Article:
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Gijs' Thoughts: T is for Tolerance

"It's a universal law-- intolerance is the first sign of an inadequate education. An ill-educated person behaves with arrogant impatience, whereas truly profound education breeds humility.”

-Aleksandr Solzhenitsyn, (December 11, 1918 - August 3, 2008), Russian novelist, historian
Peace to all.

Bonjour à tous,

As the Thanksgiving holiday approaches for our American and Canadian friends, I wanted to take a moment to reflect on the season when family and friends gather, and the big picture in terms of how we're all expected to get along on this increasingly crowded planet of ours.

Thanksgiving often puts people around the table who may not normally see one another throughout the year. Far flung relatives, cousins, inlaws, and other guests-of-guests may come from all walks of life. Their political, religious, and social viewpoints may differ widely from our own. Yet when we see them on Thanksgiving, we do our best to tolerate differences. Ideally, we look for ways to connect rather than provoke arguments. (Sometimes a little red wine either helps or hurts this process.)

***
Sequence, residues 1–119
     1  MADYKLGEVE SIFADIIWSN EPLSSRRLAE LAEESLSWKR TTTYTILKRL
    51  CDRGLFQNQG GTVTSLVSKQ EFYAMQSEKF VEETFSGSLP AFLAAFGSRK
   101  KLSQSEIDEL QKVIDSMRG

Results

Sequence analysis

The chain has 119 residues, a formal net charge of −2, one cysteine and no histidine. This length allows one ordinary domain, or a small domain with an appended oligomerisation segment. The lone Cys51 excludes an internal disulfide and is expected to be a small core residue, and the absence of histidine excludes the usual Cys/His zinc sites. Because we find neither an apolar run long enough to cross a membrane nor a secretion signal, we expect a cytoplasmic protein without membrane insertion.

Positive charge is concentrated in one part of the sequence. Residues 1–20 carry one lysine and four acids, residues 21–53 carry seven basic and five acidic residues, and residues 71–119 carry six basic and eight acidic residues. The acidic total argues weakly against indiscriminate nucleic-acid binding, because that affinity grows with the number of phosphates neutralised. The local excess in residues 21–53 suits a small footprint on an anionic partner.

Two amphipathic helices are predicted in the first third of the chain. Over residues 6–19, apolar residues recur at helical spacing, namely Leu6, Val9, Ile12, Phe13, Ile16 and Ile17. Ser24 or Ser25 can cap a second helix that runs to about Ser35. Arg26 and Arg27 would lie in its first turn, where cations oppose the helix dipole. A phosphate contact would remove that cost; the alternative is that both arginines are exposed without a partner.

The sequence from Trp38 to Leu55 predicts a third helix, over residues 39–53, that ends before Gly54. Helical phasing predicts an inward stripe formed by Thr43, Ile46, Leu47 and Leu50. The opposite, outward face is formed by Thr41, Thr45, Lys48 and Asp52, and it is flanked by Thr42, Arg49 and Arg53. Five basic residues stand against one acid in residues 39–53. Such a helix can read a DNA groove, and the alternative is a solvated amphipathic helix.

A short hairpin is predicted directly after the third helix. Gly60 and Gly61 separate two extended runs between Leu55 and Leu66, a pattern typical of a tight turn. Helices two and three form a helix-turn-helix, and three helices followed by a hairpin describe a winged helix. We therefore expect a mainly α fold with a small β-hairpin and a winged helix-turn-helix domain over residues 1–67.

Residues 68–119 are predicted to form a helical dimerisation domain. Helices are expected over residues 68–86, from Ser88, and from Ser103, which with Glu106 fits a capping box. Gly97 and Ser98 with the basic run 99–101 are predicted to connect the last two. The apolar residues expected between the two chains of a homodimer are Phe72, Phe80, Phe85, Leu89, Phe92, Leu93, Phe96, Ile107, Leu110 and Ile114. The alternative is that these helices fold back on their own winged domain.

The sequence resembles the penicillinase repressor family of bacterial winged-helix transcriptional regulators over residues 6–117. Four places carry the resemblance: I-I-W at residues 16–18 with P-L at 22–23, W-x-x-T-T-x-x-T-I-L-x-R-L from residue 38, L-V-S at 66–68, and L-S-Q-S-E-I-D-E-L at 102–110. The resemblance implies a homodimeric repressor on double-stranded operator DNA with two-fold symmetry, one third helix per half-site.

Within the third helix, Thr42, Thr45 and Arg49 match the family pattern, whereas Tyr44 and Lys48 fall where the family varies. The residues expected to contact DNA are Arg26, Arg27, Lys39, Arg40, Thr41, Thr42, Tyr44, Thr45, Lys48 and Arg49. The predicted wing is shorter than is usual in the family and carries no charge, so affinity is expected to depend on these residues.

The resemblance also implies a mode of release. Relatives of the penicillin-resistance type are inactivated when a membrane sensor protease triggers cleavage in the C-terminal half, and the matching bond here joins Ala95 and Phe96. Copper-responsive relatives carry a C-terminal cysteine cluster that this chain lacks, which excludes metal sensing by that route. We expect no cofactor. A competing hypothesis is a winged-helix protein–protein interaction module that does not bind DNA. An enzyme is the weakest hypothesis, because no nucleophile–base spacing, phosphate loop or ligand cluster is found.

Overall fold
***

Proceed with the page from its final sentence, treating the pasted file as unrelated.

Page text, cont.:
Tolerance is not always the easiest value to embrace. Now, especially, we can find ourselves thrust into polemic arguments driven by political and media forces which command enormous attention and influence. Social media and a profound lack of face-to-face interaction makes it easier to distance ourselves from our mutual, essential humanity if we let it. It is easy to be intolerant. Easy to erect high walls. Easier than ever to segment and align ourselves with only those who agree with our values and sense of our role the world. While we endure, suffer infringements on our "bulb of safety", with the Paris attacks (and any other terrorist attacks in the world for that matter) we do forget that driven by overwhelming media drive... we forget to think for ourselves, and reflect on our own personal values that we have learned long ago. A small group does not reflect the thoughts and behaviour of a large group. A small groups' actions should not scare the larger group, just by virtue of the media drive. We can all think for ourselves, so let's go back to that and be smart again.

I would gently urge everyone to see Thanksgiving as more than a time to give thanks for our blessings and chow down on turkey. Use it as a yearly reminder to bring the other "T" to the table as often as we can:


Bonne semaine from Normandy, France.

Gijs Van Breugel
Estate agent & Translator, CEO TERRA FRANCE